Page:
Society Flat rainforest walk and Kirrama Range Road

Kirrama Range
View from Kirrama Range Road

Access to Blencoe Falls (previous post) is from the small township of Kennedy, just north of Cardwell: take the only road which turns inland from the highway, follow it for 10 km or so, veer right onto the gravelled Kirrama Range Road, and you’re on the right road. For quite a while.

The top of the range is reached after about 20 km of steep, rough, winding road through dense rainforest. Several viewing spots offer spectacular vistas over the coastal plain and to Hinchinbrook Island.

The road levels off at the top and winds through more rainforest to Society Flat rainforest walk, marked by a towering kauri pine. It is less than a kilometre long but presents the best opportunity to enter the rainforest jungle: no-one takes a casual stroll through this green tangle except on a made, and maintained, path.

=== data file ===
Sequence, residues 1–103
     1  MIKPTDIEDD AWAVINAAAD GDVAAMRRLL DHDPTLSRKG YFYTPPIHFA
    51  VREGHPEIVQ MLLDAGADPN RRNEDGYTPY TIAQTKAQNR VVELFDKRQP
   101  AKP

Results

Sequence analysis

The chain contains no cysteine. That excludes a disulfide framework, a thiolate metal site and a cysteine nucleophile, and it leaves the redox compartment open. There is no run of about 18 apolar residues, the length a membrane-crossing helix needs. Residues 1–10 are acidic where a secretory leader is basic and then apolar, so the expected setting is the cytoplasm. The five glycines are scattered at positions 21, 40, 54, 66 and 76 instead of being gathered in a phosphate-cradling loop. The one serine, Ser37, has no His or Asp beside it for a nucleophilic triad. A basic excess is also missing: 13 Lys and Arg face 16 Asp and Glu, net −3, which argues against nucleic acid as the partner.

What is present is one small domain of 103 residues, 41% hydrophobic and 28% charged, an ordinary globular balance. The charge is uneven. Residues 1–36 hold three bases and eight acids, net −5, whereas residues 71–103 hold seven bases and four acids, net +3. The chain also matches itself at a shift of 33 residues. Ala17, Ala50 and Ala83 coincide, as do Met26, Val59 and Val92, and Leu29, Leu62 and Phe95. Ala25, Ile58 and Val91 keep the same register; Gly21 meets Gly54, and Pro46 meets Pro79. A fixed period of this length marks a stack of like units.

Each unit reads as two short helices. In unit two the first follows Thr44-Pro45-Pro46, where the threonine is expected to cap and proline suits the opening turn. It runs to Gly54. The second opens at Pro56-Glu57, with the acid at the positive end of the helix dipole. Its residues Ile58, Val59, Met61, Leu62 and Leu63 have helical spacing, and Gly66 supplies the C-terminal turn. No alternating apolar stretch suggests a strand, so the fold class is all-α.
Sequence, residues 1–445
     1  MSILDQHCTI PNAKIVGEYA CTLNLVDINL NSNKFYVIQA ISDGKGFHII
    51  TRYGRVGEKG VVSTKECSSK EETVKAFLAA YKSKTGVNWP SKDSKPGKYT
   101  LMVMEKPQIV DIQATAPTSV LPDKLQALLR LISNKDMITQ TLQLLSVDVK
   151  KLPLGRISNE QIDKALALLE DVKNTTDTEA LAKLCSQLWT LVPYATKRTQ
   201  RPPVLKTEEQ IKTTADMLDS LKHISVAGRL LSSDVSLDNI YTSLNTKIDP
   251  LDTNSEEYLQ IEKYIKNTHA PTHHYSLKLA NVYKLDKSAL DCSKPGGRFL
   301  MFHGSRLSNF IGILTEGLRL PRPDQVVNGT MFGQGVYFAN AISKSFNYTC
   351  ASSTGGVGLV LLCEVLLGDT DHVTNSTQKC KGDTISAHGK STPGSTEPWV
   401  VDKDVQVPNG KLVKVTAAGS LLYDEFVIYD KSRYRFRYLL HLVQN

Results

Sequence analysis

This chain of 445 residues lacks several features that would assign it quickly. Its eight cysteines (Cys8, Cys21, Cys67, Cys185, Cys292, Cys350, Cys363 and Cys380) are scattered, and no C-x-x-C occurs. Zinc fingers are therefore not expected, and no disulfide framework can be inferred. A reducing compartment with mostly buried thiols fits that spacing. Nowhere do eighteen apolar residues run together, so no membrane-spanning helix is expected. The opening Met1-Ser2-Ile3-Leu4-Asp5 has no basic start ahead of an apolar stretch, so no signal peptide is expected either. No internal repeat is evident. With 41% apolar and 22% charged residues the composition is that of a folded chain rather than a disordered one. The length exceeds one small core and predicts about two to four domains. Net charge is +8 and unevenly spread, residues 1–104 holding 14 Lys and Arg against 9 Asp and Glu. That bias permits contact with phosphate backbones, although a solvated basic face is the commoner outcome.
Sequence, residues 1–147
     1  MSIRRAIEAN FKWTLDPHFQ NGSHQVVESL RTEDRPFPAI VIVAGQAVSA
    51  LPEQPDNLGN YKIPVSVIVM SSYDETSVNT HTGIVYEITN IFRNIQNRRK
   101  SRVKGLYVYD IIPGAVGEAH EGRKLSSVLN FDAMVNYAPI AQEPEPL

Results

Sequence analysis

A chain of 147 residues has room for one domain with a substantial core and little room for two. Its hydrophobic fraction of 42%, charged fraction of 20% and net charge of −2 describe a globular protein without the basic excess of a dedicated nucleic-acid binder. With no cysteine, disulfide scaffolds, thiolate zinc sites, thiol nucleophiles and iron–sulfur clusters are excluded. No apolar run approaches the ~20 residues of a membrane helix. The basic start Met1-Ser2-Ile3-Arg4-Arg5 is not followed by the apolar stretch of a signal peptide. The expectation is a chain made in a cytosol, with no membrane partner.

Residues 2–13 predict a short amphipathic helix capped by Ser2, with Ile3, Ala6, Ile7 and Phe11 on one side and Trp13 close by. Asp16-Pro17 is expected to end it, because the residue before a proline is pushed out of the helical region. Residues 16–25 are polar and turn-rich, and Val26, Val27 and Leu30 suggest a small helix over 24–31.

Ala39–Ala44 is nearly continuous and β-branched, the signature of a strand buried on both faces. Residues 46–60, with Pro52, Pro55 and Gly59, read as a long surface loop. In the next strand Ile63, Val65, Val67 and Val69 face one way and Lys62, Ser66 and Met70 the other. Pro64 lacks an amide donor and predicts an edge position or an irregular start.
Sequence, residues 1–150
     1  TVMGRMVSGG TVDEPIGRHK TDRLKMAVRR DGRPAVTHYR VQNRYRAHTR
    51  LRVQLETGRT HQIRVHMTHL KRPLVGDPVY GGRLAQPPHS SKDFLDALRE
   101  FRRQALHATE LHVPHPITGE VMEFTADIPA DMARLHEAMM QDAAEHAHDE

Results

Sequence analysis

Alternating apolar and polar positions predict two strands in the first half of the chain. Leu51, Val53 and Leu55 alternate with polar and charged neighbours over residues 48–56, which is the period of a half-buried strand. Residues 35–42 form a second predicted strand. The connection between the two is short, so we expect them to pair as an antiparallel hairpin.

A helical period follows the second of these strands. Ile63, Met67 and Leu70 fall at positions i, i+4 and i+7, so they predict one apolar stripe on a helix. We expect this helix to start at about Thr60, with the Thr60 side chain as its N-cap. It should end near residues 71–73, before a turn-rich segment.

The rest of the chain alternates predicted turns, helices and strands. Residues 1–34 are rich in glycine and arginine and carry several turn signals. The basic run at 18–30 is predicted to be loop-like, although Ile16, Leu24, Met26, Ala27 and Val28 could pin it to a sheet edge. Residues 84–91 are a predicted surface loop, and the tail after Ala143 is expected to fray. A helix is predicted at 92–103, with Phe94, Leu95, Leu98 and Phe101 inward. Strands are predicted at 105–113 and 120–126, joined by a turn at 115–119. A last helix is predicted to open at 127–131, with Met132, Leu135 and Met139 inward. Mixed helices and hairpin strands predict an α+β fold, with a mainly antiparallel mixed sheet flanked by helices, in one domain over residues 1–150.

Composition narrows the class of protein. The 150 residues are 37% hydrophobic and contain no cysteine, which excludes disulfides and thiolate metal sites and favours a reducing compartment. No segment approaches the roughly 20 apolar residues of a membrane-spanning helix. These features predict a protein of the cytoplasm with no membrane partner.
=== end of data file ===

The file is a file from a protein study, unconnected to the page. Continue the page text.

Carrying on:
It’s an abundant environment, but an abundance of plants, not animals. Certainly there are birds (more often heard than seen), butterflies and spiders, but the trees, vines and epiphytes make it what it is.

Further inland, the country gradually dries out and the vegetation changes to open forest dominated by eucalypts. I stopped there for lunch on my way to Blencoe Falls and again, for somewhat longer, on my way home.

forest
A misty dawn in open forest on Kirrama Range

The distance from Kennedy to Blencoe Falls is about 70 km but that doesn’t give much of an idea of the travel time: if you allow three hours then you may be pleasantly surprised but if you plan on two then you may arrive later than you expected. The road is all gravel except for the steepest section, up the range, which is broken bitumen. All of it is narrow  and has enough blind corners, pot-holes, rocks and fallen timber to keep average speeds low. 4WD vehicles aren’t absolutely necessary in dry conditions but may be after rain, and the gently decomposing corpses of a couple of backpacker vehicles beside the road are reminders that inland roads are unforgiving. The journey is well worth the time and effort, however.

Leave a Reply